Some people who are able to read nature predict this to be the winter of the century for Central Europe.
BRITAIN is facing the most savage winter in more than 50 years with months of heavy snowfall and bitter Arctic winds set to bring the country to a total standstill.
Sub-zero temperatures and violent snow storms could hit as soon as late October as a freak ocean cooling in the Atlantic threatens to trigger a historic, nationwide whiteout.
Emergency services have been warned to prepare for a repeat of the devastating 1962/63 winter which saw rivers and lakes freeze over across Britain.
The shock warnings have also sparked fears Britain could face fuel and food shortages as roads and transport networks grind to a halt.
Meteorologists and oceanographers warn plunging ocean temperatures in the Atlantic are at the root of the crisis.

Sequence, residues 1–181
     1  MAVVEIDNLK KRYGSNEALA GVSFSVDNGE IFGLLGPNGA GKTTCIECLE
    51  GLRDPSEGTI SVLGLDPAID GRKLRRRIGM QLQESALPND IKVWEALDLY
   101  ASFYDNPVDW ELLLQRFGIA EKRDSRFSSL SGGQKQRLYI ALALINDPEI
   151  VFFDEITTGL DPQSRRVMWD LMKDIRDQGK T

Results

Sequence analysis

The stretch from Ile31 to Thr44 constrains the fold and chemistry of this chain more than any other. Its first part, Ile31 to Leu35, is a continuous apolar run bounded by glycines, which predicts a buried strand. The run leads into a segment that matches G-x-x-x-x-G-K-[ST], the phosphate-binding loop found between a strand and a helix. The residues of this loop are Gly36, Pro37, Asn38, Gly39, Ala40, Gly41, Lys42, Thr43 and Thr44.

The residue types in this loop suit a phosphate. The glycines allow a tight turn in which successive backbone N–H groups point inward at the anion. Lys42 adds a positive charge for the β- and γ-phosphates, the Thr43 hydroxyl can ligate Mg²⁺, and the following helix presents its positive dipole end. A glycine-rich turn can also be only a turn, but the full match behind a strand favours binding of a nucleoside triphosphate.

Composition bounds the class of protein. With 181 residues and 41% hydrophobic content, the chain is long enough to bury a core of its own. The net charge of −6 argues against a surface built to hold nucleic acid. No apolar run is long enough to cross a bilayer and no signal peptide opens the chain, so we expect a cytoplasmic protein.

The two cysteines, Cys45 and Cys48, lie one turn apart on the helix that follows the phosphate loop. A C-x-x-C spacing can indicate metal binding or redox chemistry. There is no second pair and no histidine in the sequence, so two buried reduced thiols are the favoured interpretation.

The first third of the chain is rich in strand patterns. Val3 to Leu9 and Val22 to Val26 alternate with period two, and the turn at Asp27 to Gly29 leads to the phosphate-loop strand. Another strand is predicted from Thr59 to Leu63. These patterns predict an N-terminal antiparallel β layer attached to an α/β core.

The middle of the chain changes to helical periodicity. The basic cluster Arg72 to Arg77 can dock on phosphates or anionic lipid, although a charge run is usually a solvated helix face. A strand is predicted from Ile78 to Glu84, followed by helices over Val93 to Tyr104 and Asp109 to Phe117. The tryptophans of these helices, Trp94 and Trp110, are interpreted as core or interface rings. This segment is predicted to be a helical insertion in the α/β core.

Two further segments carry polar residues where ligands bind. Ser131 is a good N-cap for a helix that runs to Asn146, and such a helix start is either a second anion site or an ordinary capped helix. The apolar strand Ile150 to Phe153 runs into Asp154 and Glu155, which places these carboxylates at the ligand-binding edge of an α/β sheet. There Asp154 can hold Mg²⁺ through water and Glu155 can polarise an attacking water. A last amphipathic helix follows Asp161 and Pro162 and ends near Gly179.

Temperatures in the Gulf Stream – the warm ocean current which runs up the east coast of America – have plummeted over the past year.
The stream merges into the North Atlantic Drift which normally pushes warm water towards the west coast of the United Kingdom.
However a drastic reduction in speed and temperature of the current has left Britain without any buffer to a bitter Arctic influx.
Experts fear a repeat of the worst winter in history which saw temperatures plunge to near -20C in January 1963 causing the sea to freeze off the Kent coast.
That went on to be the coldest month since January 1814, with an average temperature of −2.1C.
James Madden, forecaster for Exacta Weather, said the Gulf Stream has been rapidly winding down over the past 12 months.